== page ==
The information below is based on the Report of the Secretary-General to the Security Council (S/2015/203) issued on 23 March 2015.


Sexual violence remains widespread across Somalia, notably in the south central regions, with increases in frequency consistently observed during military offensives, particularly at checkpoints. According to the Gender-Based Violence Information Management System, 2,891 incidents of gender-based violence were reported between January and August 2014 in Mogadishu alone. Of these, 28 per cent were cases of rape and 9 per cent were sexual assaults. These numbers are regarded as a gross underestimation, as fear of stigma and reprisals inhibits reporting. Most reported cases (81 per cent) involved internally displaced persons, who number more than 1 million across the country, with members of minority clans exposed to greatest risk. Armed militias allied with the Government and clan militias are also accused of forcing girls into marriage; 46 cases of forced marriage have been confirmed. Interviews with women’s groups in the newly recovered area of Hudur, in the Bakool region, indicate that forced marriage was common, as it was in other areas under the control of Al-Shabaab. Girls forced to marry Al-Shabaab fighters are often abandoned during military offensives, when the force retreats or when they are deemed to be “too old”.


Survivors are frequently forced to marry their rapists as a form of “restitution” ordered by customary courts. In the Puntland region, many women and girls subjected to sexual violence in displacement camps avoid pursuing legal action for fear of reprisals by their attackers. In the few cases where survivors choose to report, they are required to pay fees to the police to open a case file and to cover the costs of feeding the accused in detention. There have also been periodic reports of girls raped by members of the national army and police, which erodes trust in the legal system: data from the Gender-Based Violence Information Management System indicate that the majority of survivors decline offers of referral to legal assistance. Women and girls who become pregnant as a result of rape are often further victimized by their families and communities. Health-care facilities are limited, owing to the volatile security situation and restricted humanitarian access.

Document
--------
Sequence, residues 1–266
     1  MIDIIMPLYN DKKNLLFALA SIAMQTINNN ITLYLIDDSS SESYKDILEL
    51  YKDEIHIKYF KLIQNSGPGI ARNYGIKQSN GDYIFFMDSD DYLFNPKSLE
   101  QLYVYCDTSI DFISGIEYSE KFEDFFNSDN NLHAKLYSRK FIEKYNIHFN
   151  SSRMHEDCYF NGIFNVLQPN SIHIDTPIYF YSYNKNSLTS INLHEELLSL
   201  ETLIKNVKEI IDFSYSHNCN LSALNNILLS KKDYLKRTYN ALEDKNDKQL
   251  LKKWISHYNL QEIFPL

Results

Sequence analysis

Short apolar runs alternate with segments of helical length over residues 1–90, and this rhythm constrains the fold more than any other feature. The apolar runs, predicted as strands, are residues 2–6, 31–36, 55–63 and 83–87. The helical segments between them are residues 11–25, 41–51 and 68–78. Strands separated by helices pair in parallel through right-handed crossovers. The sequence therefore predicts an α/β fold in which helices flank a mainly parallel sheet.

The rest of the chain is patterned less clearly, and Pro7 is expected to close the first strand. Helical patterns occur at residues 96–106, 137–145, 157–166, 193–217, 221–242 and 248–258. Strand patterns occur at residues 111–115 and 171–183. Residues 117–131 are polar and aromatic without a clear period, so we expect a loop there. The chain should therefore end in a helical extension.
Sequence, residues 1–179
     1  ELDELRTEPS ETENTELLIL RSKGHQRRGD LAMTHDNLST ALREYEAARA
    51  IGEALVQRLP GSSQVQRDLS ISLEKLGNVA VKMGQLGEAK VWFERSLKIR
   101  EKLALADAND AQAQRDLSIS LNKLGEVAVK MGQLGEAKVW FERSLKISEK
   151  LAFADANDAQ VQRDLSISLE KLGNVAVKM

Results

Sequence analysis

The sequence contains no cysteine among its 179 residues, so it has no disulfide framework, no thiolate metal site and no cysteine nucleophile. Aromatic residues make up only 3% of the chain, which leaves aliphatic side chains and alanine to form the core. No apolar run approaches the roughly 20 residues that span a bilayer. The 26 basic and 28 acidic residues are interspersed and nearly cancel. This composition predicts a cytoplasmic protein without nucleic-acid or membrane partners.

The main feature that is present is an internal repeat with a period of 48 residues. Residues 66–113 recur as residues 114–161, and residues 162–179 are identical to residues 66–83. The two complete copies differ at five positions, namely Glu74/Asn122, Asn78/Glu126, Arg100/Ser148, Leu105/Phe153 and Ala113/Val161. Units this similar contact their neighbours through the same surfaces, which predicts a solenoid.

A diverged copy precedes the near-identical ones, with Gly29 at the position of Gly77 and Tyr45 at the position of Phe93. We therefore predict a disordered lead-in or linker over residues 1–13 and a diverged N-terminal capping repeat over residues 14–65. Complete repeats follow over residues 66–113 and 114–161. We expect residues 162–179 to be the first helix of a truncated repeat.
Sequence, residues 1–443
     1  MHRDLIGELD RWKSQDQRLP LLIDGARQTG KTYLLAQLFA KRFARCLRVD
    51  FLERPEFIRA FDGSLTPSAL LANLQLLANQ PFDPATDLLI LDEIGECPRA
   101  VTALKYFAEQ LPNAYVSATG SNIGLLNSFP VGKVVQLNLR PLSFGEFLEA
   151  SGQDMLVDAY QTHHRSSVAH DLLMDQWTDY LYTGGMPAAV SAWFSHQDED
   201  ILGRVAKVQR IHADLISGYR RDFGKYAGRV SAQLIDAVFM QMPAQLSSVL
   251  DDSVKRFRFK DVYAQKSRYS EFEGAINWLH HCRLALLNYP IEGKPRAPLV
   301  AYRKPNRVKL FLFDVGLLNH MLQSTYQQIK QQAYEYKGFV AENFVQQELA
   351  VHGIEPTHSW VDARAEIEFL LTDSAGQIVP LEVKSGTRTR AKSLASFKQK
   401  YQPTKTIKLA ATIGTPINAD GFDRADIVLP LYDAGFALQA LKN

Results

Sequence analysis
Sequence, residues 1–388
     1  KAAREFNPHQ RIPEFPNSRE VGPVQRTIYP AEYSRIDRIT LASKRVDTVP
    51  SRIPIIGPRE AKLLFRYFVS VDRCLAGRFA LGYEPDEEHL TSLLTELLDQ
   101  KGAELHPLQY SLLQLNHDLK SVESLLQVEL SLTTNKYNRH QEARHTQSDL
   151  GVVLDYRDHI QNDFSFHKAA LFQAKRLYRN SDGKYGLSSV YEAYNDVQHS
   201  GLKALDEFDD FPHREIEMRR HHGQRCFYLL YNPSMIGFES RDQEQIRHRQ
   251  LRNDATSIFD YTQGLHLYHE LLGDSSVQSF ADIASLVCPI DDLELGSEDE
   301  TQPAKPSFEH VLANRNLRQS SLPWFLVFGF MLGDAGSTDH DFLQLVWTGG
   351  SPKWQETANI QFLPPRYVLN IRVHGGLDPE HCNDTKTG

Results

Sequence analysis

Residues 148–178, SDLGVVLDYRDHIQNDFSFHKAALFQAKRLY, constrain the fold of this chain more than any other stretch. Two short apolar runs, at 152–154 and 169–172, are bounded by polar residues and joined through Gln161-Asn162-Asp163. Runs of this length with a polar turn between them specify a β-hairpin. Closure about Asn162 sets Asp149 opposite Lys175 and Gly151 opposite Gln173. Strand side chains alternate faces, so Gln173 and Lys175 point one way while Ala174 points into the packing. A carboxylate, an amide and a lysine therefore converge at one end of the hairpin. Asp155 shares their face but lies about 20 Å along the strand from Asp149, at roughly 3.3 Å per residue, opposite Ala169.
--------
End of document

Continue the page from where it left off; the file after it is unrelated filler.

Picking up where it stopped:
The main perpetrators of sexual violence are unidentified armed men, though there are also reports implicating the Somali National Army and the Somali police force, in addition to Al-Shabaab. During the reporting period, military courts sentenced a number of Somali National Army soldiers to lengthy terms of imprisonment and to capital punishment for rape. While efforts to counter impunity are critical, these trials have raised serious due-process concerns. Troops from the African Union Mission in Somalia (AMISOM) have been accused of sexual exploitation and abuse and the African Union has taken mitigation measures in response. In May 2014, the Ministry of Women and Human Rights Development, with support from the United Nations, developed a national action plan to combat sexual violence in conflict. The Government also drafted a sexual offences bill. The United Nations is supporting efforts to ensure that domestic laws align with international standards and that initiatives to address conflict-related sexual violence are integrated into rule of law programming for the police and justice sector.



I reiterate my call to the Federal Government of Somalia to implement the commitments made under the joint communiqué of 7 May 2013 and its national action plan to combat sexual violence in conflict, including specific plans for the army and the police. I encourage the adoption of a sexual offences bill as a matter of priority.